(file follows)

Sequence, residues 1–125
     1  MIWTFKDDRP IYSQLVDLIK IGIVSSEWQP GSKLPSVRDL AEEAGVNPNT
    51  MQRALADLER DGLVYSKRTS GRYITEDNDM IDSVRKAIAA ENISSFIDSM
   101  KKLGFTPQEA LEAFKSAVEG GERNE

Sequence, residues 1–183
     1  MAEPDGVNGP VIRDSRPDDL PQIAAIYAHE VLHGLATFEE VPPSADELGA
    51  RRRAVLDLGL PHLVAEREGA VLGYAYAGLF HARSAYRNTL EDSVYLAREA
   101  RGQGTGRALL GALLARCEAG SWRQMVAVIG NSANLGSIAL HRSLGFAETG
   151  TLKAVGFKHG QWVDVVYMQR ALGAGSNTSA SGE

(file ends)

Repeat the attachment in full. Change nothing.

Sequence, residues 1–125
     1  MIWTFKDDRP IYSQLVDLIK IGIVSSEWQP GSKLPSVRDL AEEAGVNPNT
    51  MQRALADLER DGLVYSKRTS GRYITEDNDM IDSVRKAIAA ENISSFIDSM
   101  KKLGFTPQEA LEAFKSAVEG GERNE

Sequence, residues 1–183
     1  MAEPDGVNGP VIRDSRPDDL PQIAAIYAHE VLHGLATFEE VPPSADELGA
    51  RRRAVLDLGL PHLVAEREGA VLGYAYAGLF HARSAYRNTL EDSVYLAREA
   101  RGQGTGRALL GALLARCEAG SWRQMVAVIG NSANLGSIAL HRSLGFAETG
   151  TLKAVGFKHG QWVDVVYMQR ALGAGSNTSA SGE